Tuesday, December 16, 2014
It is getting near Christmas, and I am listening to holiday music. We have four, measly, poorly-ripened tomatoes left from the garden that likely won't taste very good. The season of craving that homegrown, sun-ripened tomato has arrived.
You know how how people in a state or area with decent tomato-growing conditions say their tomatoes are the best? In Virginia, many counties claim their 'maters have no equal, are the ultimate in tomato-ness, including Hanover, where I live. And I grew up in New Jersey where the same claims are made.
Why is this? I have a theory. When you bite into that perfect homegrown tomato in July, to what are you comparing it? Perhaps you are comparing it to those nasty, styrofoam-like, tasteless red orbs purported to be tomatoes that are sold in the grocery store year round. Those things are often grown in Florida (terrible conditions for tomato growing), picked green and artificially ripened in a warehouse flooded with ethylene gas. Gross! They taste nothing like a good tomato...or even like a marginal homegrown one. So, any homegrown tomato that is ripe, and has never been refrigerated, is infinitely superior, whether it comes from Jersey, Virginia, Delaware or North Carolina...or any zone good for the solanaceae. Oh, and sometimes when you buy tomatoes at a farm stand, they have been refrigerated or chilled. Nothing ruins their flavor faster.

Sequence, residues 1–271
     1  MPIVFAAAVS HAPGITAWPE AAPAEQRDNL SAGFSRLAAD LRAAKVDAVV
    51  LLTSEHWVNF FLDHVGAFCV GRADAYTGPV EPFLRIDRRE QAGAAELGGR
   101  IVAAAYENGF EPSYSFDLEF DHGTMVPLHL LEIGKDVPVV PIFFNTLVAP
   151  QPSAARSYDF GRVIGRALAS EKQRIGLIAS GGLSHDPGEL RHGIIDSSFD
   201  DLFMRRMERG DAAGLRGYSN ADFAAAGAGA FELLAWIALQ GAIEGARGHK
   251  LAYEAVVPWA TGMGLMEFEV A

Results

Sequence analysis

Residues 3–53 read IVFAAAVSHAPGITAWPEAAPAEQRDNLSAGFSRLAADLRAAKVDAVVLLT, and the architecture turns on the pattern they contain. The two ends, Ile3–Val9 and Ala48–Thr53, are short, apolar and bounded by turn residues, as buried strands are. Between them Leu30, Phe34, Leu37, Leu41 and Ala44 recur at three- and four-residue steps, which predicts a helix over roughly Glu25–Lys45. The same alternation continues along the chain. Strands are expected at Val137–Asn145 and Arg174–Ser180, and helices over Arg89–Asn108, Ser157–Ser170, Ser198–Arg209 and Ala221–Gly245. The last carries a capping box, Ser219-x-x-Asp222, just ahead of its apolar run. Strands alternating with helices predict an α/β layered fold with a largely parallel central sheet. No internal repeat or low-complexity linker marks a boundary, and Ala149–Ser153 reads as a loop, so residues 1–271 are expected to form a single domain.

I just about never buy off-season tomatoes, choosing to add beets, carrots, olives to my salads and sandwiches instead.
And "I'm dreamin' of a red tomato...just like the ones I used to know..."